Success is Counted Sweetest
Reconciliation & Success is Counted Sweetest
Beautiful that war, and all its deeds of carnage, must in time be utterly lost;
That the hands of the sisters Death & Night, incessantly softly wash again, and ever
again, this soil'd world:
...For my enemy is dead--- a man divine as myself is dead;
I look where he lies, white-faced and still, in the coffin--I draw near;
I bend down, and touch lightly with my lips the white face in the coffin.
2.) Success is counted sweetest
By those who ne're succeed.
To comprehend a nectar
Requires sorest need.
Not one of all the purple host
Who took the flag today
Can tell the definition
So clear of victory
As he defeated--dying--
On whose forbidden ear
The distant strains of triumph
Burst agonized and clear!
Meaning of the Poems & What Statement is the Author Making About Life?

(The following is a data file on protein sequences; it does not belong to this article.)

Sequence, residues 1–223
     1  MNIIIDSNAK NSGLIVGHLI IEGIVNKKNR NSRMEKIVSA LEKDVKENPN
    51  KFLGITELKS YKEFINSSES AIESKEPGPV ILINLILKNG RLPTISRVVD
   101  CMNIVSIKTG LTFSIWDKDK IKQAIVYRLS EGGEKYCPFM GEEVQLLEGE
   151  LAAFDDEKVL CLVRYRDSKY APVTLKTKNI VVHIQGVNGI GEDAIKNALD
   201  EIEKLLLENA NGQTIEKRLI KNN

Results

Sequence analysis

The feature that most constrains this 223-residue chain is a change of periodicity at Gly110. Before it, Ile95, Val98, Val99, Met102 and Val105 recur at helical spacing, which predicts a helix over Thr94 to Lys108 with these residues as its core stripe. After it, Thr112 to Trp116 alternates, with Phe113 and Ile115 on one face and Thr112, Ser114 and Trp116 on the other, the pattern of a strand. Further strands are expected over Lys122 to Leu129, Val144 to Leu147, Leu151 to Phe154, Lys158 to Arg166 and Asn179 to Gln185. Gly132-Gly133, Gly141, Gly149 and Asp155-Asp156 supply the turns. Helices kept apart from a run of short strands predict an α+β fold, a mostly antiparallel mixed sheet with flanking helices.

again, this soil'd world." With each death and night that passes, a new day comes the next day and the horrible memories are washing away.
2.) Success is Counted Sweetest: Meaning of the poem is success is only counted when you nearly or do succeed. Like in lines 9-12 saying," As he defeated, dying, on whose forbidden ear, the distant strains of triumph, burst agonized and clear."
Two Literary Elements
1.) Reconciliation: The literary element is Tone. The tone of the poem seems peaceful. The impact it has on the poem is he seems peaceful while writing this poem like he's forgotten about all the bad memories and they're all apart of his past. The enemy in the coffin is as divine as himself is dead.
2.) Success is Counted Sweetest: The literary element is symbolism. The poet uses symbolism in line 6 which says,"Who took the flag today." That is a symbol of a flag which in this as, I believe someone would be playing capture the flag and if they get that flag, they succeed.